For Immediate Release: March 21, 2011
Contact: Carmen Fenton, 512-469-0171
Fort Worth, Texas – As drug cartel violence continues to plague the U.S.-Mexico border, Texas cattle raisers are concerned about how this issue will impact the Texas cattle herd, specifically the spread of cattle fever ticks along the border. Cattlemen and women will have the opportunity to discuss these concerns with Under Secretary Avalos from the United States Department of Agriculture (USDA) at the Fever Tick breakout session during the Texas and Southwestern Cattle Raisers Association (TSCRA) Convention Weekend, April 1-3 in San Antonio.
Due to personnel safety concerns, the USDA Animal and Plant Health Inspection Service (APHIS) modified the cattle inspection protocol for Mexican cattle being imported into Texas. This inspection now occurs on Texas soil rather than in Mexico. The activities of livestock border guards, also known as “tick riders” have also been adjusted to enhance safety.
“The tick riders have patrolled the U.S./ Mexico border since 1906, and played an integral role in the eradication of the cattle fever tick from the U.S. in 1943,” said Avalos. “Today, their role remains as important as ever, as they are our Nation’s first line of defense against an outbreak of cattle fever.”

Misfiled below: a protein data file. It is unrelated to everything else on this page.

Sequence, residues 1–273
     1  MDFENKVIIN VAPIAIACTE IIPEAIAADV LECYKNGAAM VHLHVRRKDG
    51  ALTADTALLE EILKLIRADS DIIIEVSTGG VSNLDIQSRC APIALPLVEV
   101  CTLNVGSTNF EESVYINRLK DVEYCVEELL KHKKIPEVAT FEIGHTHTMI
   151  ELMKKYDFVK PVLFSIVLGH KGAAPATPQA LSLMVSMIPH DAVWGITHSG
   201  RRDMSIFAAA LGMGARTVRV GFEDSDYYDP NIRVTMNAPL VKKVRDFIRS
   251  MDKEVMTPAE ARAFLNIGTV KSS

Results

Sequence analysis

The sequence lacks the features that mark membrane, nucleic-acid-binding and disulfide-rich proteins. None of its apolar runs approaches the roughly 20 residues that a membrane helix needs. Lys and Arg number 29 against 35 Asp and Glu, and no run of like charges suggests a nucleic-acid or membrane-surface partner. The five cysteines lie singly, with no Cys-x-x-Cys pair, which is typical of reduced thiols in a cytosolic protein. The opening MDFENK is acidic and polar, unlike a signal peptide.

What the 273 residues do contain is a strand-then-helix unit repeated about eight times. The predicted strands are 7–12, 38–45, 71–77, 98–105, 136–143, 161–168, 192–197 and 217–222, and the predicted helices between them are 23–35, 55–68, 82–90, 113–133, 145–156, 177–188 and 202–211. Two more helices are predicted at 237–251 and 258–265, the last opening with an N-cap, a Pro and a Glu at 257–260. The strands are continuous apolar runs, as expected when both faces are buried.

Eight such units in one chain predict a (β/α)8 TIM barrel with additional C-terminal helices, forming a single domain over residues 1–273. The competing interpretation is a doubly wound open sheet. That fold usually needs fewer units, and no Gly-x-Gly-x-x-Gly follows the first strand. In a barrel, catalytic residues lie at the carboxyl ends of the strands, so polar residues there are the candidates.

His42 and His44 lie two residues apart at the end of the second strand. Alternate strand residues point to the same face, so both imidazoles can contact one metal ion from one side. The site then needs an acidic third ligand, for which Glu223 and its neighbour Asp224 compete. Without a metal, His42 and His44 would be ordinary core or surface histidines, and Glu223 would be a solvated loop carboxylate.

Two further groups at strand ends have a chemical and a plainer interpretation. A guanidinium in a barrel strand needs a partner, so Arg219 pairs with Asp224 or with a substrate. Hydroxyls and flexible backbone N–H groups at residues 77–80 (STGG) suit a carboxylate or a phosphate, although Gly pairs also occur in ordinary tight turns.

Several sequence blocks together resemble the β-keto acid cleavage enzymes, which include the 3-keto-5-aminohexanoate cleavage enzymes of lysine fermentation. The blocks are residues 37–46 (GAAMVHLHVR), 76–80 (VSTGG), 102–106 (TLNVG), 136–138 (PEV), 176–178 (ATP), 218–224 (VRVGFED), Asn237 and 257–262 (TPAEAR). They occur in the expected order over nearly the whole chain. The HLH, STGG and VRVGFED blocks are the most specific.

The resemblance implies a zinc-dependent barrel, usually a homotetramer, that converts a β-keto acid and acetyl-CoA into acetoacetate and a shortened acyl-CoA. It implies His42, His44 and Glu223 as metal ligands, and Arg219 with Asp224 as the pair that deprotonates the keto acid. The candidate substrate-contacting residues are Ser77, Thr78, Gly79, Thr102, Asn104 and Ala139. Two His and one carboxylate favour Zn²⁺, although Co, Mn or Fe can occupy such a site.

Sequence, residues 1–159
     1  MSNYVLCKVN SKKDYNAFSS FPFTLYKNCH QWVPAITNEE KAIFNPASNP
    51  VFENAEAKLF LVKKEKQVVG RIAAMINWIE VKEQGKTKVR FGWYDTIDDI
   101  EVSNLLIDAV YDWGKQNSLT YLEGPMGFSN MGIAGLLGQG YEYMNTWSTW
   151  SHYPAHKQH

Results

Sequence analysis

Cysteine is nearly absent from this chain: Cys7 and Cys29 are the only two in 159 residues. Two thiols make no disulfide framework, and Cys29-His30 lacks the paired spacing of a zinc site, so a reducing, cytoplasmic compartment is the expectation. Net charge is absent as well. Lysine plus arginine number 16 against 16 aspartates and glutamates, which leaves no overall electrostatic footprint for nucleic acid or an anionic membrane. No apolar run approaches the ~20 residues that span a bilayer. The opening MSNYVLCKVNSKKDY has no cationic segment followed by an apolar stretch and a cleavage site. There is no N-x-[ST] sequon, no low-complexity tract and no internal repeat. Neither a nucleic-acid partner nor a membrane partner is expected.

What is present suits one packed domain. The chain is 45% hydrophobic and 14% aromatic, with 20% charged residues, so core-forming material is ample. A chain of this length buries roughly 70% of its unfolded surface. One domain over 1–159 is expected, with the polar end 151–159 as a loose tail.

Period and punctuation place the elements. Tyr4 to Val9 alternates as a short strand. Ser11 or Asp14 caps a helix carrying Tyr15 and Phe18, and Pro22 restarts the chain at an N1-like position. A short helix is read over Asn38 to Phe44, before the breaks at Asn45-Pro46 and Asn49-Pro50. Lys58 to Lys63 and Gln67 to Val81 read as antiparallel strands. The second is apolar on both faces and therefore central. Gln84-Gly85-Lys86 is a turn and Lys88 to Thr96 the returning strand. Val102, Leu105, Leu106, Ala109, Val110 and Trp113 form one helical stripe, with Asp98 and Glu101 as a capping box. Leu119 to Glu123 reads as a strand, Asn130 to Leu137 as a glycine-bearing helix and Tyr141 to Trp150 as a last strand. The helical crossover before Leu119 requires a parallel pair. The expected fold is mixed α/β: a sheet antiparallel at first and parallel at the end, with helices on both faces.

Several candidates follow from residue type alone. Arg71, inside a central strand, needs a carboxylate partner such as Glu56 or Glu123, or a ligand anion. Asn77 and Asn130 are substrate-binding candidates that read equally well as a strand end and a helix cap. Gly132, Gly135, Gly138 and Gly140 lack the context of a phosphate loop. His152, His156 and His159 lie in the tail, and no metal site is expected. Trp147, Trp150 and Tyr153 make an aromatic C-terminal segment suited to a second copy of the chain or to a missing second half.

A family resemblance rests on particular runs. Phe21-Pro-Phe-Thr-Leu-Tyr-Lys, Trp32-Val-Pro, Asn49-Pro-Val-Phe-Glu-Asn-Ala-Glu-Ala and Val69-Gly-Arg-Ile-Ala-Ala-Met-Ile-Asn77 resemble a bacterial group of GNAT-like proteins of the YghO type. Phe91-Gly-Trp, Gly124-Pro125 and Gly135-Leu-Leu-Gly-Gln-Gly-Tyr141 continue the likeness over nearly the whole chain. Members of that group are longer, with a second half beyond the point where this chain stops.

Additionally, Texas Animal Health Inspection Commission (TAHC) officials no longer make inspections in Mexican states along the border. Ranchers were seeing outbreaks beyond the quarantine zone prior to the state budget cuts. Now, with budget cuts inevitable at both the state and federal levels, the risk of widespread re-introduction of the tick in the Southwest is increasing.
The Fever Tick breakout session is just one of 9 breakout sessions scheduled to take place during the convention.
As the largest cattle industry event in Texas, the TSCRA Convention is a must-attend for anyone involved in livestock production. More than 2,000 ranchers, landowners and members will gather for a weekend of outstanding programs, educational sessions, a trade show with more than 200 exhibits, plus networking and fellowship with fellow cattle raisers.
A complete schedule of events, information on accommodations, and registration information can be found at www.tscra.org/convention.
The Texas and Southwestern Cattle Raisers Association is a 134-year-old trade organization. As the largest and oldest livestock association in Texas, TSCRA represents more than 15,000 beef cattle producers, ranching families and businesses who manage approximately 4 million head of cattle on 51.5 million acres of range and pasture land, primarily in Texas and Oklahoma. TSCRA provides law enforcement and livestock inspection services, legislative and regulatory advocacy, industry news and information, insurance services and educational opportunities for its members and the industry.